- January 11, 2023
The approval of changes to the Town Center Green property’s allowable uses as well as a site development plan order are paving the way for the town of Longboat Key to continue moving forward with plans for the property.
Town commissioners unanimously passed both the site development plan and an ordinance to change allowable uses.
Even though the issue was passed on first reading at the Feb. 6 regular meeting, Commissioner BJ Bishop posed the question of how a stage is already being built on the site when a site development plan was only now coming before commissioners.
“The construction of the stage is proceeding based on the open space use there in the park, which is allowed (in the new use),” Planning, Zoning and Building Director Parsons said. “The size was such that it was administratively approvable.”
Essentially, the stage construction was allowed even before the allowable uses were changed for the property at Monday’s meeting. The changes do not affect the stage construction as it still falls under structures that are allowed in the mixed use community zoning district.
“What you’re approving today is simply a site development plan that shows the stage, the walking paths and then future pads for future development,” Planning, Zoning and Building Senior Planner Maika Arnold said. “However, those pads have not been identified for any specific uses, and you’re not approving any construction of what the pads will be in the future.”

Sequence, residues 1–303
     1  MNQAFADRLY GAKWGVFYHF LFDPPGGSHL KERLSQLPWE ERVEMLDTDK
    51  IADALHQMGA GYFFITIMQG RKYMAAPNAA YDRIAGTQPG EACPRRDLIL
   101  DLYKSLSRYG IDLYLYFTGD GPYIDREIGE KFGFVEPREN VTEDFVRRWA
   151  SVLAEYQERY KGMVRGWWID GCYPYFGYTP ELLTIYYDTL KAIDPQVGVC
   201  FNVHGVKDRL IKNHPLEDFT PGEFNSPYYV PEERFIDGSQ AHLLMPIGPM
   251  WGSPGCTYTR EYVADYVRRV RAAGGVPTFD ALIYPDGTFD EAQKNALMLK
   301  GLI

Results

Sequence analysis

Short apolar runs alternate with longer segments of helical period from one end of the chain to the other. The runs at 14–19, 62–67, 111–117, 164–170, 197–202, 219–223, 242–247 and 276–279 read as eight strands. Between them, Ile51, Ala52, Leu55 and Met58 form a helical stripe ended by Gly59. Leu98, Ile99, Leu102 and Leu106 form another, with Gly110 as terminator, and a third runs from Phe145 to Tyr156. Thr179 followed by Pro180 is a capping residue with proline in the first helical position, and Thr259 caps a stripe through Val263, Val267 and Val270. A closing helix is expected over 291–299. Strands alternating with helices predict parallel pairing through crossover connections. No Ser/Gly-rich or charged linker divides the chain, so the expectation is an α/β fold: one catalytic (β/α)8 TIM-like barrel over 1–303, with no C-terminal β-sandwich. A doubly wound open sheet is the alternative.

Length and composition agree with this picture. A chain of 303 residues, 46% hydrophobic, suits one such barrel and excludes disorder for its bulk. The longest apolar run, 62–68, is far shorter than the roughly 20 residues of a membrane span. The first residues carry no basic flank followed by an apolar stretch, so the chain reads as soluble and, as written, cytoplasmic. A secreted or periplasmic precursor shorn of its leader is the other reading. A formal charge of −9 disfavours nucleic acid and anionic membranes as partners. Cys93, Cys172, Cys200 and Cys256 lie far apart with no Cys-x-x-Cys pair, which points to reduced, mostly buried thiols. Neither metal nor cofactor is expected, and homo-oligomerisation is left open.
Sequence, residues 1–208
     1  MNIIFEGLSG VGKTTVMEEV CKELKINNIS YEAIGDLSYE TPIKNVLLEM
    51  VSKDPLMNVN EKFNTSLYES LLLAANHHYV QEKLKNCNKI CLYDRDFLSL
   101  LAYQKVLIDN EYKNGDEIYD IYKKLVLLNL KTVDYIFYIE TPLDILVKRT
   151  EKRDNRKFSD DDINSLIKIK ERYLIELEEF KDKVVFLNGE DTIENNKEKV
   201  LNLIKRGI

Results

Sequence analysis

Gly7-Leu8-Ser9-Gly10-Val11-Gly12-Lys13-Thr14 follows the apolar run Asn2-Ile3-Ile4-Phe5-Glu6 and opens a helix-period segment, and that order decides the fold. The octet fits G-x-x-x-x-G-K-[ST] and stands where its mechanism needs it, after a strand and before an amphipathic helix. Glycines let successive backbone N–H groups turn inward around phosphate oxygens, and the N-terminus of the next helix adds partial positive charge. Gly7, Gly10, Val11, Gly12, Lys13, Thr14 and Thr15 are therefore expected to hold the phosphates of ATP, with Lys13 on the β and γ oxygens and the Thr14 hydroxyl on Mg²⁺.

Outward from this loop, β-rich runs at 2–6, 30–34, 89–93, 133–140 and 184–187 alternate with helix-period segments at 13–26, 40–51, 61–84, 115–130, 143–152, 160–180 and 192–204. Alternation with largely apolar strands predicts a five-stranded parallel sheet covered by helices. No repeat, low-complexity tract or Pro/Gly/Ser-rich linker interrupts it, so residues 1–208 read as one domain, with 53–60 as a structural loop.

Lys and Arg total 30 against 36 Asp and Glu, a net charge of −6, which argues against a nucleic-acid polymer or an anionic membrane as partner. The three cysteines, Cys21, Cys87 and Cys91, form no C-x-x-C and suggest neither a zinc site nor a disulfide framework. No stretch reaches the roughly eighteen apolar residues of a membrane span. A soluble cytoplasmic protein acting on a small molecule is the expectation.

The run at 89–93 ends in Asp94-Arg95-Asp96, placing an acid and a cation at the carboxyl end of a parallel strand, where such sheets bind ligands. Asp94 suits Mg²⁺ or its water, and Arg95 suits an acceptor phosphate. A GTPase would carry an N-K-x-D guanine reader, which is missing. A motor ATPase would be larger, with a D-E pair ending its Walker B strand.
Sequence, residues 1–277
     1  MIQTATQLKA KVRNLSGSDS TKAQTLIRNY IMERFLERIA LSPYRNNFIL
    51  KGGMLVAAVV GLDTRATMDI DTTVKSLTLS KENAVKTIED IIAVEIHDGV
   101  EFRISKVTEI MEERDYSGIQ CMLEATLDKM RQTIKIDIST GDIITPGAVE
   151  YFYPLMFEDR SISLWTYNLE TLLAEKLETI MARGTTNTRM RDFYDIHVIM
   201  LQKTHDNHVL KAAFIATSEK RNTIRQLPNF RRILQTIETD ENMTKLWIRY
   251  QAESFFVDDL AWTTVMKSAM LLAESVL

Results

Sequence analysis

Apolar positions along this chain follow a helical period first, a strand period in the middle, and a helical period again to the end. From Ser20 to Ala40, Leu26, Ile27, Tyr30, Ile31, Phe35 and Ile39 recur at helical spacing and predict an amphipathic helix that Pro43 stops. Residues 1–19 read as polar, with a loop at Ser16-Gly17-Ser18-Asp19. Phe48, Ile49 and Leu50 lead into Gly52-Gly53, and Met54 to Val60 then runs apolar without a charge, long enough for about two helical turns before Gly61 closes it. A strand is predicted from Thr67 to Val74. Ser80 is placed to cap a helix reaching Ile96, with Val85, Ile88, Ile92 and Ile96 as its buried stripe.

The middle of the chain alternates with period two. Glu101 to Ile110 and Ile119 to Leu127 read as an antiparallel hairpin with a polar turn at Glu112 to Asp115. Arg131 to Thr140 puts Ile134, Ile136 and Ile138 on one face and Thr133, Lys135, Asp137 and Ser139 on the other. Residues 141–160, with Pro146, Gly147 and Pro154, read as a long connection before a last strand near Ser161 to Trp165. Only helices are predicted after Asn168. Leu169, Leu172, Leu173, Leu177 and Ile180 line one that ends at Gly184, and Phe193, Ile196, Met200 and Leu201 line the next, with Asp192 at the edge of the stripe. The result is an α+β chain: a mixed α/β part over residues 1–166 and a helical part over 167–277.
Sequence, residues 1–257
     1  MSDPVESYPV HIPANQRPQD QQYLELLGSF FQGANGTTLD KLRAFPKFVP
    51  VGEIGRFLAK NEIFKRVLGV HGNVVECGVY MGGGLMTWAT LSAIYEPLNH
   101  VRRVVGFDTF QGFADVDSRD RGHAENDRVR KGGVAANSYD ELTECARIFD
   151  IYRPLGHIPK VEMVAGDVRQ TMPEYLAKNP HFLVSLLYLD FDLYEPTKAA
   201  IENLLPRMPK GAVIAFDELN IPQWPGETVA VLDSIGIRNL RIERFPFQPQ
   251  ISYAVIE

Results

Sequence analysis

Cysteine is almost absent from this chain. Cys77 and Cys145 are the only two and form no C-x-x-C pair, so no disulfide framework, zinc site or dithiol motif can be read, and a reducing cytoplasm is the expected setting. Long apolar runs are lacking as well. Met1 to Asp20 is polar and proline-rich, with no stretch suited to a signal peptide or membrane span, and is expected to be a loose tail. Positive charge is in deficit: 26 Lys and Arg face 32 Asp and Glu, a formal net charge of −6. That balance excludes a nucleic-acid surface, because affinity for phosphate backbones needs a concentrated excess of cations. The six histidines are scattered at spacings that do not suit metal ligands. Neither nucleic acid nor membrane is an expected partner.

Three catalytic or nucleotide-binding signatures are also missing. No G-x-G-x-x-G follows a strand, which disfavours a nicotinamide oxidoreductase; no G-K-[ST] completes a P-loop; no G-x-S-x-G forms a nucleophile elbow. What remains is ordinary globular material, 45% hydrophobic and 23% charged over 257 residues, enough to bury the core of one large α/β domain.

Parking issues were top of mind for commissioners at the ordinance’s first reading and remained there during its second reading.
The final site development plan includes 81 parking spaces, some of which are already developed. That does not include spaces that would follow the construction of a library or community center on the property, for the development would have to come back to the Planning and Zoning Board and commissioners for approval.
The Planning and Zoning Board unanimously approved the site development plan for the new town facility at its Jan. 17 meeting, with the recommendation that commissioners look into ways to increase parking on-site.
A study by consultant Kimley Horn and Associates estimated that 105 spaces are needed for a small event at the Town Center Green; 480 spaces would be needed for a medium event, and 1,000 spaces would be needed for a large event that has up to 2,500 people on the great lawn, such as the Fourth of July Freedom Fest.
Bishop spoke about her personal experience with parking at a recent Longboat Key Chamber of Commerce hosted event, Art in the Park. She said that other parking had to be utilized by those that did not want to pay for VIP parking because the majority of spots right by the town center were reserved for paying customers.
“The only parking we actually possess, the parking on our property, was limited to VIP parking, and it wasn’t full,” she said. “Perhaps we need to have some conversations with the chamber about how they are restricting parking.”
As part of the development order, a condition is in place that event organizers have to apply for a special event permit, giving the town the opportunity to review how it plans to manage parking and traffic, Arnold said.
The transportation management plan will be required to be included with the special event permit, but specific requirements will depend on the type and size of the event. Some of the items that may be considered by the town include: